Saudi Comics Poke Fun At Mubarak, Arab World
So far, the street protests demanding political change in the Arab world have not reached Saudi Arabia — and most analysts agree that they're not likely to come.
The country has the largest economy in the region and plenty of oil wealth to cushion discontent. But in a place usually known for oil, camels and veiled women, add one more image of Saudi Arabia: stand-up comics. These young Saudis are taking on Egypt's protests as a source of material, far into the Saudi desert.
On a recent day, young Saudis drove 80 miles outside of the capital, past remote villages and Bedouin tents, to sit under the midday sun for a stand-up comedy festival.
As he waits to go onstage, the host of the show jokes about Saudis who usually don't show up anywhere on time.
"It's an act of God," says comedian Fahad Albutairi. "Ninety-five percent full, and it's 10 minutes before the show. It's not exactly typically Saudi, but OK."
Albutairi, 25, is a part-time comic and a full-time geologist. He warms up the crowd with comments on Egypt's unrest and the lack of coverage in the Saudi media.
"In light of recent events, I don't read the newspaper anymore," he says. "I'm on Twitter. I don't watch TV anymore — I'm on YouTube."
Albutairi says the youth-driven uprising has resonance with this audience.
"The news is so big, it's almost impossible to contain; you must have an opinion, otherwise you're not human. I'll be very honest with you. The issue in Egypt — it's all about the people; there are millions who agree on one thing," he says. "You got to listen to them."
This comedy show in the desert — approved by the government — is an example of an experiment in freedom of expression that began when King Abdullah came to power in 2005. But how far does it go? The Americans who are part of the show are not sure.
New York-based comedian Dean Obeidallah checked out his jokes with the organizers. One joke about looting at the Egyptian museum — OK. One about Iraqis fleeing Cairo for the safety of Baghdad — sure. And a joke about Saudi Arabia:
"I think I'll talk about how in Saudi, the only way you'll ever have protests is if there's a VIP section, because Saudis won't want it for regular protest," Obeidallah jokes. "It has to be VIP, VIP — it's around, sort of touching on it without getting into the details of the uprising."
The Saudi comics take on Egypt in a more direct way.
Ibraheem al Khairallah is the most daring of the Saudi comedians here. He delivers his jokes in English, heavily mixed with Arabic — and hits home with barbed remarks about Egyptian President Hosni Mubarak.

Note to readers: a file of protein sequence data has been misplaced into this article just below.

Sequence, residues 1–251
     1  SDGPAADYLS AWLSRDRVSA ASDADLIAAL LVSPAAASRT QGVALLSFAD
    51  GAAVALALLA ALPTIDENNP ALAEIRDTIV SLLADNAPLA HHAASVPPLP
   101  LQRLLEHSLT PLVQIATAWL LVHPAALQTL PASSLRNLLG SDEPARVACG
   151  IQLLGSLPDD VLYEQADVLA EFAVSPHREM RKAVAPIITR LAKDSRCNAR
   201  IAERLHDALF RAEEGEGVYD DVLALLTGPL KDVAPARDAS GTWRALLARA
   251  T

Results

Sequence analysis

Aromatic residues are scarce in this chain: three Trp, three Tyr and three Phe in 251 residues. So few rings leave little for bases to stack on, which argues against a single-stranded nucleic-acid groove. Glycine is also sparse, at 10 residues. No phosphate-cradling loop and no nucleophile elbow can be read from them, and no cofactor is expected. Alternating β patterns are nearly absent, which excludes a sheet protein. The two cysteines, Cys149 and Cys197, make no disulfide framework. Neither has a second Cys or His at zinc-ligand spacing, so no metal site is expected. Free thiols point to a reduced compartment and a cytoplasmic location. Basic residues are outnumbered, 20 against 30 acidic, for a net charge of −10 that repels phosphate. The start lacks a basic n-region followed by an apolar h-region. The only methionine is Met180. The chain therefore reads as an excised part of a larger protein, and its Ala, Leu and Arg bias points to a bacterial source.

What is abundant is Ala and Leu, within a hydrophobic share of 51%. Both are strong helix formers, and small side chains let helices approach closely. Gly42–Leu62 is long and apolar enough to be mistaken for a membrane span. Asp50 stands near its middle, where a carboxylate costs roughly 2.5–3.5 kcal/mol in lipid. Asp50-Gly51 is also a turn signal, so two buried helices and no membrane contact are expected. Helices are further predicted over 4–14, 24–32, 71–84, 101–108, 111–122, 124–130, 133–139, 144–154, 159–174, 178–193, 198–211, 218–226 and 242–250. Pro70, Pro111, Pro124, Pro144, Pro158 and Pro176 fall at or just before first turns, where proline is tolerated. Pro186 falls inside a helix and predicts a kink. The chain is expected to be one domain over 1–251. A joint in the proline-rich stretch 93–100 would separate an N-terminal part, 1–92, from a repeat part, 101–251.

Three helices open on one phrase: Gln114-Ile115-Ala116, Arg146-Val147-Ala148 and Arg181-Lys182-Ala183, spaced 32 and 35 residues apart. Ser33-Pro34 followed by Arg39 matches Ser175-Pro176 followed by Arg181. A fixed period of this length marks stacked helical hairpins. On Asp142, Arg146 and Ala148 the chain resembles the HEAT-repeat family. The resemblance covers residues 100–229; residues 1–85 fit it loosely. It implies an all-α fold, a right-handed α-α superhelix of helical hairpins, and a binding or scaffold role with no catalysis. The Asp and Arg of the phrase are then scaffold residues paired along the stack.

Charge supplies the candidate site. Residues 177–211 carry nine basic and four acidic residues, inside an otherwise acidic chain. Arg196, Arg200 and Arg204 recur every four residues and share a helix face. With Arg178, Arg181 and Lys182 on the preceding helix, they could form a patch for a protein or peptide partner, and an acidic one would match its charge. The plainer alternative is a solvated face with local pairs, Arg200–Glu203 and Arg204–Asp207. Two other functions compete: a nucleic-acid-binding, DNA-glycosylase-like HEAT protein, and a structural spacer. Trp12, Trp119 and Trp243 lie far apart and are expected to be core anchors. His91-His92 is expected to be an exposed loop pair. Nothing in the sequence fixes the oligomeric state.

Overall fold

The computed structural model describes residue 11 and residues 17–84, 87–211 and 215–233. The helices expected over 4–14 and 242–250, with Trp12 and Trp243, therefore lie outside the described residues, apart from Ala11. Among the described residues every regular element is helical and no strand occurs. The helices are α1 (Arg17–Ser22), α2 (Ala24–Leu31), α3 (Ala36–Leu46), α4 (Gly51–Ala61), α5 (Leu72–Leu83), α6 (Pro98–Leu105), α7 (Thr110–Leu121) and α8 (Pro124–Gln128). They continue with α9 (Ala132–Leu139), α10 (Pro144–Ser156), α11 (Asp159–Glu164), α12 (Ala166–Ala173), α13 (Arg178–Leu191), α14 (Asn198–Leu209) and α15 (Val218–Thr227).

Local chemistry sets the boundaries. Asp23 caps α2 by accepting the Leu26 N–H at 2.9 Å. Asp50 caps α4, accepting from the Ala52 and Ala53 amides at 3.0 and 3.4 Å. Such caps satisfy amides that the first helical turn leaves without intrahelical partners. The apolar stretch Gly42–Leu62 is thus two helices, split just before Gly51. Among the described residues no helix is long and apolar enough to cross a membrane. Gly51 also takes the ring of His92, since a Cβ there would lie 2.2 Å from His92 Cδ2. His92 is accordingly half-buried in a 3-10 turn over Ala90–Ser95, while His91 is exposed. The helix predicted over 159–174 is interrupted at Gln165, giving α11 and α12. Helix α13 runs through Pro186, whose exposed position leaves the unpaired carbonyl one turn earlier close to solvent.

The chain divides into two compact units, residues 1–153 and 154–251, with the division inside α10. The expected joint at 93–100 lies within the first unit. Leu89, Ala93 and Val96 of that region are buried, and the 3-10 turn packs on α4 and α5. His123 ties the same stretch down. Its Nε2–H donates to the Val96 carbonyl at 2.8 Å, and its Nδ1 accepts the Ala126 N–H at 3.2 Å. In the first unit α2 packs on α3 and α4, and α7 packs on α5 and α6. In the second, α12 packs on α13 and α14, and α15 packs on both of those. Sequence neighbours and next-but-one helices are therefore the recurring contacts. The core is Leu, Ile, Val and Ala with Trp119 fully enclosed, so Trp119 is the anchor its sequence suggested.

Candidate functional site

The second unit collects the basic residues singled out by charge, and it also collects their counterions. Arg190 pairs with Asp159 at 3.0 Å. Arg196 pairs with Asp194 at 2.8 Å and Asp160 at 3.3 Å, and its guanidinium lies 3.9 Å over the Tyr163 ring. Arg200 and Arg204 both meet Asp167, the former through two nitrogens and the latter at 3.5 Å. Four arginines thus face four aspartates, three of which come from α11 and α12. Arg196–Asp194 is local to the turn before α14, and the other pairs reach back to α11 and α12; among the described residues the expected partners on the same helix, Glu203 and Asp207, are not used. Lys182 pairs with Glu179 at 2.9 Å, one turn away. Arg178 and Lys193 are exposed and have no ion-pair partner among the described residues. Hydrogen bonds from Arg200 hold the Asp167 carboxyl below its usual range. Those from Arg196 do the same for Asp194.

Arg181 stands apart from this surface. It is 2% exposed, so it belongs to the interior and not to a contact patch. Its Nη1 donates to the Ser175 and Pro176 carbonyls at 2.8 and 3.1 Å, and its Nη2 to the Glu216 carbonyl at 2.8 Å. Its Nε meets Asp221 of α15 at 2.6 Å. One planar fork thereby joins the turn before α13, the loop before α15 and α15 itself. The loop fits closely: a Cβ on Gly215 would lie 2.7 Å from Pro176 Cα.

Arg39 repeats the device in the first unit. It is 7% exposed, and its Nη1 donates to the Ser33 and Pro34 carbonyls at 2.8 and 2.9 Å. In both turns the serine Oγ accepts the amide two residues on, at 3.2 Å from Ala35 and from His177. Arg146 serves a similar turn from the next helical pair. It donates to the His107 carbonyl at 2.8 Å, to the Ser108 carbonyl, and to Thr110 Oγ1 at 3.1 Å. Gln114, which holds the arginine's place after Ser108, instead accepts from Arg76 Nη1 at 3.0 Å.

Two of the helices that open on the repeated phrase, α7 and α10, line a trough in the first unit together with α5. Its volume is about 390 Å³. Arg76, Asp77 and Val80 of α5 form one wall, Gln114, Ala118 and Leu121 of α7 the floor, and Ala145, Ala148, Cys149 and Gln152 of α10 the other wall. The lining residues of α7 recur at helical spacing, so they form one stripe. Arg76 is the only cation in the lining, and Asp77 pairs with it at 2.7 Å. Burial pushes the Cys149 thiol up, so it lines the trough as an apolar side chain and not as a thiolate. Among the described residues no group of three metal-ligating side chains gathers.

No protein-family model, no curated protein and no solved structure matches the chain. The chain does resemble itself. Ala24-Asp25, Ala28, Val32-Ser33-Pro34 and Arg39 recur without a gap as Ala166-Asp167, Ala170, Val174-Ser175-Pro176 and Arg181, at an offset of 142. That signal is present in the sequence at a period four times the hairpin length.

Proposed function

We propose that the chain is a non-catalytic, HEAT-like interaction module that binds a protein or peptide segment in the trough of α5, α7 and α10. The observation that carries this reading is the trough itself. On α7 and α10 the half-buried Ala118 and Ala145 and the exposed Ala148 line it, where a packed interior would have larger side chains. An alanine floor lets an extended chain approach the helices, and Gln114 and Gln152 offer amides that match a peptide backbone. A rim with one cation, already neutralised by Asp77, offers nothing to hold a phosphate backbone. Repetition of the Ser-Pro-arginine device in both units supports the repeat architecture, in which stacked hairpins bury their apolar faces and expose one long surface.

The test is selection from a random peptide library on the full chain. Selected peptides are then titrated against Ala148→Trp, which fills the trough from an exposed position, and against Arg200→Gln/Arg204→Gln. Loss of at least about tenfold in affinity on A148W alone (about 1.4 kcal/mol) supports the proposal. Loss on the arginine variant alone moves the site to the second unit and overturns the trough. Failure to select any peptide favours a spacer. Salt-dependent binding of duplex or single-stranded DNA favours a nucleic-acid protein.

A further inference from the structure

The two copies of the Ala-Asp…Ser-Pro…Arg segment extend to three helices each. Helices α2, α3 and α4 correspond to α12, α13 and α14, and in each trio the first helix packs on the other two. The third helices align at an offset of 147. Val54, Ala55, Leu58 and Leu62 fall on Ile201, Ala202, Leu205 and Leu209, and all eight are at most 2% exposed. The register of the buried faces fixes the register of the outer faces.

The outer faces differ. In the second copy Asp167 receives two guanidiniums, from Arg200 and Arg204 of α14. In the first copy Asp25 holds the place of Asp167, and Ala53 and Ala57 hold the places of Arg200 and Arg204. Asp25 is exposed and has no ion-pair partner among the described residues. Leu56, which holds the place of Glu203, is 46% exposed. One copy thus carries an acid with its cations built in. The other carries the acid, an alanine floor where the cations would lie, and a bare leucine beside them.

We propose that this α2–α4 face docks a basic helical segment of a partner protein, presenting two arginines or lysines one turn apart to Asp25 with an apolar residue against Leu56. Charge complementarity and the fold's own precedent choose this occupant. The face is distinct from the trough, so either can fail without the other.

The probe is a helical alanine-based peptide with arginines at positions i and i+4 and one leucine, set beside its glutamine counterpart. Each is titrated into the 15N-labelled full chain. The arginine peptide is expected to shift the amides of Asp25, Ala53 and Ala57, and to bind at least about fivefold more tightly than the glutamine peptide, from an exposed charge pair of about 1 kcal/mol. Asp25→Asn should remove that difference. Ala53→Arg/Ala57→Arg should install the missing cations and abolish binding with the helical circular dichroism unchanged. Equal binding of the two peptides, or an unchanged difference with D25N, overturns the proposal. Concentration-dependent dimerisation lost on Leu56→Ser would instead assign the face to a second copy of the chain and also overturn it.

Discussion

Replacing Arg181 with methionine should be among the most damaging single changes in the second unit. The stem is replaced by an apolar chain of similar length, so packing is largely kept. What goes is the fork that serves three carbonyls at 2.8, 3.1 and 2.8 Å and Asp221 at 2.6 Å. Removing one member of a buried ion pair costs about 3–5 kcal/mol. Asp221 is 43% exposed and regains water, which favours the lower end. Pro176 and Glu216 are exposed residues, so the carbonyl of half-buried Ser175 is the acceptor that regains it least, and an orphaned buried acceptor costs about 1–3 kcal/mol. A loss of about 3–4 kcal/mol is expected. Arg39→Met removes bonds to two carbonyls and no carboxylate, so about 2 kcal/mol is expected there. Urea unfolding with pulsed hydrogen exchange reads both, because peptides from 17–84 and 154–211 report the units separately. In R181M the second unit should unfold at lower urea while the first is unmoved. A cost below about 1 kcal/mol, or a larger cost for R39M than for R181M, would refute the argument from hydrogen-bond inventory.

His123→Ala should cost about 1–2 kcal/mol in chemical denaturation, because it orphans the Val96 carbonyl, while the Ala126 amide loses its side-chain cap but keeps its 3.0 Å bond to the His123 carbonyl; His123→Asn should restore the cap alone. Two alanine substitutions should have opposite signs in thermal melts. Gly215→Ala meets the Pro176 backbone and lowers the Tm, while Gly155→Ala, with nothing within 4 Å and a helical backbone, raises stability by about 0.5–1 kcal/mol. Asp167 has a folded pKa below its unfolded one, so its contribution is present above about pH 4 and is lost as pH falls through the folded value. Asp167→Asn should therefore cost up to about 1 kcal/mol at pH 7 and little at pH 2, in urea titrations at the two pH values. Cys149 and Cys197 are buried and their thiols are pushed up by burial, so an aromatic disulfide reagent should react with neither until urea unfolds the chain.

"Egypt — big problem," he begins. And then he jokes that Mubarak may soon visit the Saudi city of Jeddah, where Tunisia's now former President Zine El Abidine Ben Ali took refuge when street protesters ended his rule in January.
Khairallah gets the biggest laughs when he says that Mubarak will have to travel around Jeddah on jet skis. It's a very local joke: In the past week, the Saudi port city has been hit with damaging floods. Saudi Facebook groups have expressed anger with an inept government response.
Onstage, Albutairi congratulates the audience for its appreciation: "Give yourself a round of applause. You get stand-up. You get jokes. Because a lot in Saudi, they don't get stand-up comedy irony. They think irony is something you do at the laundry."
Of course, this desert camp of young people — men and women enjoying an afternoon of entertainment — is far from the world of the conservative capital, where there are no movies or theaters. The real Saudi Arabia, says Albutairi, is somewhere in between.
"Saudi Arabia, right now, because of the population — they are so young — it's best represented by the youth themselves," Albutairi says. "So, if you meet enough young Saudis, you will get a better picture of Saudi Arabia."
The youth population there now represents the majority of the country.
"And we're changing things little by little, but we are changing, and it's happening — the youth is the future," Albutairi says from the stage — to whistles and cheers from the crowd. Copyright 2011 National Public Radio. To see more, visit http://www.npr.org/.